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Green Deal

Great expectations run ahead of the reality

The Government trumpeted the Green Deal as its energy policy flagship. But some quiet backtracking is eroding companies’ confidence to invest.

There was no doubting the initial ambition of the Green Deal. “We are launching a revolution in energy efficiency,” said Chris Huhne, then Secretary of State for Energy and Climate Change, introducing the enabling legislation in 2010. “A once-in-a-lifetime refit of our outdated homes to make them fit for 2050.”

It is the Coalition’s energy policy flagship, itself regularly billed by his successor, Edward Davey, as his “number one policy priority.” His ministerial colleague, Greg Barker, adds that the majority of homes – some 14m – must be reached within the decade.

But lately there have been some really worrying signs that these ambitions are being seriously tempered. Initially subtly, increasingly overtly, the signals are being sent about lowering expectations regarding actual results.

By doing so, the Government is effectively setting a vicious circle to work, weakening the confidence of established companies, reducing the willingness of new players to invest.

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European Commission,European Union,VAT

VAT challenge could harm Green Deal prospects

Should energy-saving products be subject to the full 20 per cent rate of VAT? The UK and the European Commission are set to do battle in the courts

Next spring a case will be heard in the European Courts. The result could seriously damage the prospects for the government’s flagship Green Deal programme. This would increase the costs of installing many key energy-saving measures and by doing so, render many potential packages simply too expensive to undertake.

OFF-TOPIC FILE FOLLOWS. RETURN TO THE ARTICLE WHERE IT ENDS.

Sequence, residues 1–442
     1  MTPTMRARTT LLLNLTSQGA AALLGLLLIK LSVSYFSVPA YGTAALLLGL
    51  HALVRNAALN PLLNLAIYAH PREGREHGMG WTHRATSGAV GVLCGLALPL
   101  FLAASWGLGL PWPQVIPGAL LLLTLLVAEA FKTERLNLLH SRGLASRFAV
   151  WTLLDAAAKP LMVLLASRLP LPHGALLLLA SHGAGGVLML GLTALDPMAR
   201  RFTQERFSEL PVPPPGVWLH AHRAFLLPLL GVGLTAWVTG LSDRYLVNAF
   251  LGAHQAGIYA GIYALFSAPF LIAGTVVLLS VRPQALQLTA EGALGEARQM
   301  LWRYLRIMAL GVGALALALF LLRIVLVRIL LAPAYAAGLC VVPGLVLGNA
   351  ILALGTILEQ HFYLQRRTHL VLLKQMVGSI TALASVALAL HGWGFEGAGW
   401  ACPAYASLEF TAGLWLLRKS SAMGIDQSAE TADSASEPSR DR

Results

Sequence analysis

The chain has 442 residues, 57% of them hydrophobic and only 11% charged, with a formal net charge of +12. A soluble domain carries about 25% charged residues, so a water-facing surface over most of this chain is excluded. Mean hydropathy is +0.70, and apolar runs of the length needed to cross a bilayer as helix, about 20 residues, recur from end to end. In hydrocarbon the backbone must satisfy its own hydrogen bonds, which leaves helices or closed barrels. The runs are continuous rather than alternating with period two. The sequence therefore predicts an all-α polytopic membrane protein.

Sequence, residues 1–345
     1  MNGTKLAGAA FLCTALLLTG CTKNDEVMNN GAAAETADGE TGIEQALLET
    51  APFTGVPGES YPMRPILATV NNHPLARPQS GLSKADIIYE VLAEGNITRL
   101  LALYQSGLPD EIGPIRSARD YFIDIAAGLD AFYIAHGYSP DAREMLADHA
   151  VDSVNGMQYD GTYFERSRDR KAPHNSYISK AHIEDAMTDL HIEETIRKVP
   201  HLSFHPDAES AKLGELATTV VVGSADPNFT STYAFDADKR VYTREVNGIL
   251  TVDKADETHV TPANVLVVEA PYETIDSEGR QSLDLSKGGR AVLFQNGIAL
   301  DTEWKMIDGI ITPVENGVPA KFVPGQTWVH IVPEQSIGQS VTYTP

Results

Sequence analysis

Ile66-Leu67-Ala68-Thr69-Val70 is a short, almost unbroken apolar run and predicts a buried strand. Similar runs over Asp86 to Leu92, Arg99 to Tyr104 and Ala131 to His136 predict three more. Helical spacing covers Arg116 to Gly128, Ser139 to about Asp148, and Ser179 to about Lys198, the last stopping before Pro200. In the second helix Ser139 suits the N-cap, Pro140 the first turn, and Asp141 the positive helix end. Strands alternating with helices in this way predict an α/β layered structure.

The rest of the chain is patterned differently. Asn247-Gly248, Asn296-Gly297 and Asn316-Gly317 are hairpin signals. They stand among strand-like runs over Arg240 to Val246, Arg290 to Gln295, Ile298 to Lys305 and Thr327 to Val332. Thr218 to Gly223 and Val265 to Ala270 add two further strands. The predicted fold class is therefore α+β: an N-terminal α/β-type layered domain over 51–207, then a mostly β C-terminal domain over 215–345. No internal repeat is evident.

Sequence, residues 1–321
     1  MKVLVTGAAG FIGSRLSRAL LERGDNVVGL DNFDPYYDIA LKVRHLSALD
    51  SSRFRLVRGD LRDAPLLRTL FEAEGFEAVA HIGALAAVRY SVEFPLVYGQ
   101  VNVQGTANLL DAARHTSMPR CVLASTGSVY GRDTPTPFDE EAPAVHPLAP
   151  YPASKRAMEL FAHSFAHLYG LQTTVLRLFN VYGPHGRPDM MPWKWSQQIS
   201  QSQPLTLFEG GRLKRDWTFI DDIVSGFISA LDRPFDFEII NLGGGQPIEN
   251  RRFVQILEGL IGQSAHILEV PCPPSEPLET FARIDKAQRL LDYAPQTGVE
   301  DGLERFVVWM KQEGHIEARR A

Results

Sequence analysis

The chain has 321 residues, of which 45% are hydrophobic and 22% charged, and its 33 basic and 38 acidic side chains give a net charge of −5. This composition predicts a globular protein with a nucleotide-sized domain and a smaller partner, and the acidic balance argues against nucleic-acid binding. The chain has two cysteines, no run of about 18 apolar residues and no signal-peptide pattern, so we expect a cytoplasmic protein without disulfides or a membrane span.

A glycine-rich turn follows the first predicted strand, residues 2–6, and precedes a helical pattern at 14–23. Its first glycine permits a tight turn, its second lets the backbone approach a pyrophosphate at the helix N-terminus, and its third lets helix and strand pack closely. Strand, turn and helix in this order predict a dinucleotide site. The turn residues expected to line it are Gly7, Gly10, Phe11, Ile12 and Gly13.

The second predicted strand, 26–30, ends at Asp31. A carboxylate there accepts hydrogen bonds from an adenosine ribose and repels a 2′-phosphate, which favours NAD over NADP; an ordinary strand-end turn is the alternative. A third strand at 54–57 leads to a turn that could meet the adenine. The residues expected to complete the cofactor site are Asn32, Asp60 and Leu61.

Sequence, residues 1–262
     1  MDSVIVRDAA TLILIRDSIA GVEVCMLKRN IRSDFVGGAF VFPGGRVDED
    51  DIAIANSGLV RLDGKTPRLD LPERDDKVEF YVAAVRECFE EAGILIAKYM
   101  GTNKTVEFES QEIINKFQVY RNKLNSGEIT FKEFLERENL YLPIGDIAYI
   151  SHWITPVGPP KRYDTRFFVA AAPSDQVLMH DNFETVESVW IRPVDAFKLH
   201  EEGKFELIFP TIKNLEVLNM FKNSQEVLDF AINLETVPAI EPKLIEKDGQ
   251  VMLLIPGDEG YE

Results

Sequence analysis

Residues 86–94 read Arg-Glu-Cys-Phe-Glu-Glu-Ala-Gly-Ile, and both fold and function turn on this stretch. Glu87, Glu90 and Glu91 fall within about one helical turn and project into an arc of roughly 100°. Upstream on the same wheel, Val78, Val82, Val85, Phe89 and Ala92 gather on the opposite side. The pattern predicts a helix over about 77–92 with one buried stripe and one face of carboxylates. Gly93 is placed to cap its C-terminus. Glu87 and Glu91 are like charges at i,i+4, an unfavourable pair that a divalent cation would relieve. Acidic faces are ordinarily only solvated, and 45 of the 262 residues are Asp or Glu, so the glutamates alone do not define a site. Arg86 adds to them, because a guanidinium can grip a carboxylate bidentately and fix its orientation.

Under the Golden Rule, the costs of installing any package of improvements funded by Green Deal Finance must be capable of being repaid during the lifetime of the loan. To qualify, calculations are made, valuing potential consequent reductions in energy consumption at its present price against the costs of measures installed (plus interest). Monthly loan repayments must be more than matched by putative energy savings. If on paper this cannot be shown to be profitable to the householder, no loans will be able to be made.

If the European Court of Justice rules against the UK government, then the cost of installing a whole range of familiar energy-saving items – thermostatic radiator valves, microgeneration, and every kind of insulation installed by contractors – will increase overnight by a whopping 15 per cent. That includes the costs of installation, as well as the costs of materials.

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